VATIS Update Non-conventional Energy . Jan-Mar 2012

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New and Renewable Energy Jan-Mar 2012

ISSN: 0971-5630

VATIS Update New and Renewable Energy (formerly Non Conventional Energy)* is published 4 times a year to keep the readers up to date of most of the relevant and latest technological developments and events in the field of New and Renewable Energy. The Update is tailored to policy-makers, industries and technology transfer intermediaries.

* This update has been renamed as 'VATIS Update: New and Renewable Energy' from Jan-Mar 2015 onwards.

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China’s offshore wind power booms

China has made substantial progress in boosting its burgeoning offshore wind power by launching its largest inter-tidal wind farm at the end of 2011. On 28 December, Longyuan Power, China’s largest wind power developer, connected 99.3 MW of wind turbines to the grid in a pilot inter-tidal wind farm in Rudong county in Jiangsu province. Taking into account the existing 32 MW turbines, Longyuan has 131.3 MW turbines integrated to the grid in the pilot wind farm in Rudong. This has made the Rudong inter-tidal project China’s largest offshore wind farm. Inter-tidal wind farms – in regions that are submerged in high tide and heaved out in low tide – are a unique form to tap offshore wind power.

According to China’s Wind Power Development Roadmap 2050, the country plans to have 1,000 GW of installed wind capacity by 2050 – which makes up 17 per cent of its electricity consumption. So far, wind power generation accounts for 1.5 per cent of national power generation. The first stage of the inter-tidal wind farm pilot project, set to be 150 MW in installation, involves an investment of 2.5 billion yuan (US $397 million). It will be fully completed by March 2012, stated Mr. Zhang Gang, General Manager of Longyuan Jiangsu Offshore Wind Power. Mr. Zhang said the wind farm will annually generate 330 million kWh of electric power for the grid. He said that the company has overcome high installation cost in offshore wind farm construction through measures such as improved technology for single pile foundation and multi-pile jacket foundation forms. It has reached the European advanced level in technology for offshore wind farm construction, while also lowering offshore wind installation costs to 16,000 yuan/kW, about 60 per cent of the European level, he claimed.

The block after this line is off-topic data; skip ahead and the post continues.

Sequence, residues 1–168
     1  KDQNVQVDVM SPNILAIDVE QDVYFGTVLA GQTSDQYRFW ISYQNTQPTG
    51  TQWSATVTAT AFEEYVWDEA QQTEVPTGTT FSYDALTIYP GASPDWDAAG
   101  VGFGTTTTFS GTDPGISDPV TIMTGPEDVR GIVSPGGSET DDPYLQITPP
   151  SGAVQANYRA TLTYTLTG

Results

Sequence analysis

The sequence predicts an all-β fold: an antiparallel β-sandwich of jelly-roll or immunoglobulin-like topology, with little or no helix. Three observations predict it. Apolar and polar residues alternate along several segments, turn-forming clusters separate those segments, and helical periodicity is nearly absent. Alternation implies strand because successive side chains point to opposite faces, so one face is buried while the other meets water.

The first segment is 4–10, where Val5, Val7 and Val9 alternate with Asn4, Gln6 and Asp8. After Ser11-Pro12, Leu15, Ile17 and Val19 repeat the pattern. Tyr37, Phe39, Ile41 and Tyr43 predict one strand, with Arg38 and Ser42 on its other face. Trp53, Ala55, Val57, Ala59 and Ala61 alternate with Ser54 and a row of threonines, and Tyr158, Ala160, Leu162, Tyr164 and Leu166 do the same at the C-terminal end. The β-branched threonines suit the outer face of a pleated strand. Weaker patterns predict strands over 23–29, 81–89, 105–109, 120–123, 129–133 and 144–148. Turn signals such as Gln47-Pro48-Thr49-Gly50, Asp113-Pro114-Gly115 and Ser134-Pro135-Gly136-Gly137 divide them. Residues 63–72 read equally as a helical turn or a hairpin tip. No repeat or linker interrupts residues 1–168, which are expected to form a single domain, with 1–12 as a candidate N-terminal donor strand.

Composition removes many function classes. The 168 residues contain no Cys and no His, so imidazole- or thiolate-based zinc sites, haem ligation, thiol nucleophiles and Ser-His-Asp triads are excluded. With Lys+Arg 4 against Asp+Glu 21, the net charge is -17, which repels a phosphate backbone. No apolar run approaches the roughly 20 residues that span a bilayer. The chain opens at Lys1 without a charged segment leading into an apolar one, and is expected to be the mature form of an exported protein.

Renewable energy funding to go up in India

Power Finance Corp. (PFC), India’s largest state-run lender to electricity utilities, plans to more than double lending for renewable energy projects within a year, as coal-fired plants become riskier investments. PFC’s approved loans to projects, particularly solar and wind plants, will increase to Rs 15 billion (about US$300 million), or 4 per cent of the total in the next financial year, from Rs 6.75 billion (US$135 million), or just 1.2 per cent in the year ending in March 2012, Mr. Satnam Singh, PFC Chairman, said. “Given that fossil fuel costs have gone up, investments in wind and solar are surging,” Mr. Singh said, adding that PFC is ready to get into renewable in a big way where lending happens much faster. India’s Prime Minister Mr. Manmohan Singh plans to spend more than US$300 billion to expand the country’s electricity systems as part of an attempt to spur 9 per cent economic growth by 2017. An increasing share of that may go to clean energy projects, as lenders shun new conventional power projects that are facing risks such as the ever-increasing costs of non-renewable fuels.